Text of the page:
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The Aleutian Islands: WWII’s Unknown Campaign

A ground crewman makes his way against the wind, Adak Island, June 1943. L.C. Prints and Photographs Division, Reproduction Number LC-USZ62-76833

As I write this blog post on March 13, it is 29 degrees here in Washington, DC, and it seems impossible to believe that spring will arrive in just over a week. Emerging from one of the snowiest and coldest winters that many regions of the country have seen in decades, in which the phrase “polar vortex” became a routine part of our vocabulary, it feels like an appropriate time to recognize those who faced Arctic temperatures on the battlefield.

The Veterans History Project’s newest Experiencing War web feature shines a light on an often-forgotten part of World War II: the Aleutian Island Campaign. While some of the war’s most gripping stories came out of this campaign, it has not received the same popular historical attention as other theaters and battles, leading to its nickname as the “lost campaign” of the war.

The Aleutian Campaign took place relatively early in the war, from 1942 to 1943, in the Aleutian Island chain, a series of small islands (including Attu, Kiska, Adak, Unalaska, and others) located to the southwest of Alaska. At the time, Alaska was an American territory, but not yet a state. Both the United States and Japan saw the strategic significance of the location of the Aleutian chain, as it was positioned between the two countries and adjacent to the South Pacific, and both hoped to secure the islands for themselves. By early 1942, the US had established a presence on Unalaska and Umnak Islands. In June, the Japanese landed on Attu, and American troops spent the next year attempting to gain control of the Aleutians.

Unidentified landscape, Aleutian Islands. Clifton Davis Collection, Veterans History Project, AFC2001/001/1203.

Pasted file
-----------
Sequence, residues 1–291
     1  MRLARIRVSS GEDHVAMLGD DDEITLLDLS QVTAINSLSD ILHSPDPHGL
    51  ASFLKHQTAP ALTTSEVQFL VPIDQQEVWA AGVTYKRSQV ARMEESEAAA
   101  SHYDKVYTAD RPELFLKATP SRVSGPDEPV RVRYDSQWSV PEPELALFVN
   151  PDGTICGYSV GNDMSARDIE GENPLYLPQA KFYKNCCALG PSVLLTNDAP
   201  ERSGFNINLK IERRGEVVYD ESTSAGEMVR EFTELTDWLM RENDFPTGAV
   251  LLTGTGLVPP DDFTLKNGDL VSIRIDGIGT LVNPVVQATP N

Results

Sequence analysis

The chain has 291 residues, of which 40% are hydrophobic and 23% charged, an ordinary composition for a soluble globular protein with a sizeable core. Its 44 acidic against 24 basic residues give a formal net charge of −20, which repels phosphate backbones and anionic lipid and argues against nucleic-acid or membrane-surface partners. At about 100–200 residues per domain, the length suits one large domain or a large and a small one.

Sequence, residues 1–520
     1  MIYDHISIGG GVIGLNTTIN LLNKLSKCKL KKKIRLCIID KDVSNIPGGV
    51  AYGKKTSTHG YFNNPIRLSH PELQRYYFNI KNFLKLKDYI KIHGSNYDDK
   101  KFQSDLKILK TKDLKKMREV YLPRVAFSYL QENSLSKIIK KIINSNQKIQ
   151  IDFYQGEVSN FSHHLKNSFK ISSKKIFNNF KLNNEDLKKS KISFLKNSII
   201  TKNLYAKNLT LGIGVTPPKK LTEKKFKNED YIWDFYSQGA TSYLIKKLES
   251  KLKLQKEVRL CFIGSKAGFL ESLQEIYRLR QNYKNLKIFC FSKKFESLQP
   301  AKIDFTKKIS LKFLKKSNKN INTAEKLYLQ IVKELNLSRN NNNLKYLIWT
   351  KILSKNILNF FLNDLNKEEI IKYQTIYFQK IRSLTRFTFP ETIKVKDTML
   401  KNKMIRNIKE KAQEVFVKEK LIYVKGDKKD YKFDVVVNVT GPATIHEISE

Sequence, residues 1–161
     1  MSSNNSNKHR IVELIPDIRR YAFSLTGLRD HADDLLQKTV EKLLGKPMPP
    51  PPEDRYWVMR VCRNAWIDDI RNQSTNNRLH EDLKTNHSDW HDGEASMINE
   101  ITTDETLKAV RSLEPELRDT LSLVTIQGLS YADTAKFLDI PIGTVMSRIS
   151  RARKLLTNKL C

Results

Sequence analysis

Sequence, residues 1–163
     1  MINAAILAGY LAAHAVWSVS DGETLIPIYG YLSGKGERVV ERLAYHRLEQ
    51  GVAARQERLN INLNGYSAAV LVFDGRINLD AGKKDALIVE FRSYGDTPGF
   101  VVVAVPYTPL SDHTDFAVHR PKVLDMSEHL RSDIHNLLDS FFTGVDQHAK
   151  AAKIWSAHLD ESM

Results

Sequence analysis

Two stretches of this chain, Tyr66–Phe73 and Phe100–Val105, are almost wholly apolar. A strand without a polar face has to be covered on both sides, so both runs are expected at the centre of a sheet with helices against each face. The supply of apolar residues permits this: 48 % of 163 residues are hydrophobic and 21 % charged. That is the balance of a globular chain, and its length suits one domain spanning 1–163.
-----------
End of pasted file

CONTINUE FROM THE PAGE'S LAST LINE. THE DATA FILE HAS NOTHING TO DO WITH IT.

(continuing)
While many who fought in World War II coped with extreme temperatures, the weather and terrain of the Aleutian Islands stand as a defining element of the campaign. The photos in Seaman First Class Clifton Davis’s collection, such as the one to the right, give a sense of the stark, mountainous, and snowy landscape of the Aleutians. As for the weather, its impact on soldiers stationed there comes across in the language that they use to describe it: “atrocious,” “dismal,” and “a main and constant concern.” Depending on the season, servicemen were subject to blizzards, rainstorms with driving, horizontal rain, howling winds, and Arctic temperatures. The weather provided cover to and disguised the enemy during combat, complicated attempts to construct airstrips and barracks, and often threatened health and life. Many soldiers and sailors had arrived in the Aleutians without proper clothing or sleeping bags, which exacerbated the devastating effects of the weather. As Captain Dean Galles relates,

We were so ill equipped, clothing wise. We had leather Blucher boots, and by being continually wet all the time, they just fell apart. And after about two weeks… they called us back to the beach, and they said, take your shoes and socks off, of what you’ve got left.  I was so amazed. My feet were black with, I guess fungus or mold.

Earl Long. Veterans History Project Collection, AFC2001/001/2316.

Unsurprisingly, the lack of sunshine and constant gloom also impacted morale. Machinist First Class Earl Long, pictured to the left, describes the endless days on Adak:

Dark, dismal, damp, cold, and windy. One woke up with it, worked in it, and went to sleep with it. No change, day after day, week after week.

For some, the dreariness of the weather was punctuated by terrifying encounters with the enemy. During the Battle of Attu, the weather and terrain of the islands made things exponentially more difficult for US forces. Participants in the campaign recall instances of hand-to-hand combat: confused by the many layers of foul-weather gear that the Japanese troops were wearing, Dean Galles mistook them for American replacements. After walking into their lines, he was bayoneted four times.